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Paul in AZ

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  1. This works well on either charcoal or propane. Traditionally, exposed bone ends are foil wrapped to keep them from charring, crumbling and looking ratty. Not necessary as long as you don't expose the bones to too much direct heat. i.e keep meat over the fire and bones in the cooler indirect zone as shown in the photos above.
  2. For a massive steak like that or a rib roast try cutting the bone off leaving an inch or so of meat on the bone. Cook the steak [or roast] boneless. Freeze these bones for later. Those bones with a generous amount of meat make for great short ribs another day. The tender meat cooks in about half the time regular short ribs take. Two dinners out of one chunk of meat.
  3. How much coal you put in doesn't matter. I think it burns better with a lot of coal in there. ?better air flow-through? Fill it up. Make a pyramid, light the center, start to close both controls as you approach your target temp. Close vents when finished. A full load should last 2 or 3 more cooks.
  4. I use Rutland Safe Light starters. They are stored outside and exposed to Arizona's notorious summer heat. Never melt. Always start.
  5. I need some advice on cooking a duck. There are recipes out there but they seem to be geared towards ovens or smokers and many with some variant of boiling water before cooking. Any tips or methods for kamado cooking? The goal is the least complicated method to get nice crispy skin and moist meat. Also, how much fat gets rendered off during the cook? If it looks too complicated the alternative is to get a cooked one from a Chinese restaurant.
  6. I have also started putting meat in early. Opening up and putting in relatively cold [air temp] meat is bound to befuddle a previously stable temp. Meat goes on when about half way or more to the target temp and I regulate vents carefully as it creeps close to the target temp.
  7. hoi sin is a sauce made from fermented soy beans. It is used frequently in Asian cooking. So commonly that it is usually referred to as 'Chinese ketchup'.
  8. A while back I tried to see if ribs would get that wonderful flavor and color of the BBQ pork tenderloin served in Chinese restaurants. But I cheated. From my Asian supermarket I got a packet of char siu [Chinese BBQ] powder mix. Dry rubbed onto St Louis ribs overnight then 225-235* for around 3 1/2 hours. I didn't make a glaze. Taste was good but not wonderful. Mostly there but it was missing something. Looking at your recipe it is clear that the commercial powder alone isn't good enough. Next time I will rub overnight and follow your ingredient list to make the sauce/gl
  9. That is a colossal amount of liver. I'd question who told you to take that much and why.
  10. " Everything has a lethal dose" John hit it on the head. Everything, including water and pure oxygen is toxic or lethal in the right dose One thing missing from all of these reports is an LD50 [dose at which 50% die] or a threshold safe level. Downgrade any report that says "could" or "may". Show me some hard data. While it is preferable to avoid exposure to things you don't need it is equally important not to freak out over minuscule and harmless amounts . Life is awash with 'toxins'.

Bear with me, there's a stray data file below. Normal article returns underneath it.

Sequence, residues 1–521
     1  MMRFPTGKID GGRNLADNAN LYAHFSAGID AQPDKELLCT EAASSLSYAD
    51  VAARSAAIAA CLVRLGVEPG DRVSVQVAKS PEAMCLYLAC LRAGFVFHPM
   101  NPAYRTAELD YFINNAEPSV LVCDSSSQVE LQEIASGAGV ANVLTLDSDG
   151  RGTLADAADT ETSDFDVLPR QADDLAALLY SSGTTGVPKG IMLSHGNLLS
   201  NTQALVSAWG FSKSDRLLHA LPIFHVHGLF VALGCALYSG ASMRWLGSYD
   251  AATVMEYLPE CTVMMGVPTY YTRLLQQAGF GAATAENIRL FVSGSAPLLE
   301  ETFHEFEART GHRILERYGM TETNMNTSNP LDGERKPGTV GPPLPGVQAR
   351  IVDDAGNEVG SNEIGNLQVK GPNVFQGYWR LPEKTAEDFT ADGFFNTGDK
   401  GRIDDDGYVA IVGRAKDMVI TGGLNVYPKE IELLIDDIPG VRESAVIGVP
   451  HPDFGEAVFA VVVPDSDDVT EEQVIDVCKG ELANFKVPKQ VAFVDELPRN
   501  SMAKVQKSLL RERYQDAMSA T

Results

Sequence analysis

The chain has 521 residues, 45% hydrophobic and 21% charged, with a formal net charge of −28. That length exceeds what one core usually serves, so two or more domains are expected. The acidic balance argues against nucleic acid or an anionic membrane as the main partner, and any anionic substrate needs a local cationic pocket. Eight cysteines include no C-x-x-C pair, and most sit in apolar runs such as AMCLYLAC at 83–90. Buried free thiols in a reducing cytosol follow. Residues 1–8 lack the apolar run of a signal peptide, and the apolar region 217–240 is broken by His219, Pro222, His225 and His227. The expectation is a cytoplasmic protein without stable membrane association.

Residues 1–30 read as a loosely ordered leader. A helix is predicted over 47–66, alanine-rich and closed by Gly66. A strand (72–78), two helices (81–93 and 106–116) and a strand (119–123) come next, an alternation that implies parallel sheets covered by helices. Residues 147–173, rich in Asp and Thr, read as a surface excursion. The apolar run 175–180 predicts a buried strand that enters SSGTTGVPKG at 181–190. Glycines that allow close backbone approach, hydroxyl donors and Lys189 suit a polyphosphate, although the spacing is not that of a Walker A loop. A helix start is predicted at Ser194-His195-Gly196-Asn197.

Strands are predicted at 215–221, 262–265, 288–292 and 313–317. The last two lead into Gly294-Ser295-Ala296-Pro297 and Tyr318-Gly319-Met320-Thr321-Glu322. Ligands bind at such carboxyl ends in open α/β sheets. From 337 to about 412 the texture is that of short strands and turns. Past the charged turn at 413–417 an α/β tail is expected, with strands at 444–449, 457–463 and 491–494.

11. The Akorn spot is on this site. Its In the list of forums, look for "char griller akorn kamado,,," Enjoy your revitalized Akorn. Hope you are as happy with it as I am with mine.
  12. I have an experience from another area that may be applicable. Over the years I've had a series of collectible cars that ranged from needing restoration to excellent. One was a 1925 Dodge Brothers sedan that was in outstanding original condition except for faded, oxidized paint. I took it into a quality restoration shop to ask about repaint. They told me that it would take as much labor and money to do that as it would take for a Rolls Royce~~ and when finished all I would have is a Dodge. Case closed. I sold it as is. Not telling you not to do it but my point is that unless
  13. Granite might be a better choice for this. As to sources, try the stone contractors in your area. They usually have a 'bone yard' of left overs and cutoffs that they sell at a good price. You never know what is there but it is a good place to find a chunk for a table top. They would also be the ones to cut it to size, finish the edges and cut a hole.
  14. A screaming deal. Well done. Re: the 'twitchy' temperatures ~~ my akorn can be twitchy but not always. I strongly suspect the brand of lump charcoal makes a difference. For some time I used and liked Fogo black bag and temps seemed very stable. Then I got some KJ Big Block on sale and this has been harder to regulate at low temps. On one occasion when trying to hold at 225-250 it went out. Maybe it is the larger, more variable size lumps rather than the charcoal itself? The KJ BB does seem to burn well at medium temps and lasts forever. Haven't done any high temp cooks with
  15. I have a large permanent shade sail covering half of my patio. The other half is roofed. My Akorn is wheeled to the edge of the patio, maybe 6 or 7 feet below the edge of the sail. It's position is much like Snith21's KJ. in the post above. There is plenty of air movement. Heavy smoke and gunk have not seemed to be a problem but I don't add a lot of smoking wood. When not in use I wheel the grill onto the roofed half of the patio. That for the rare chance of rain.
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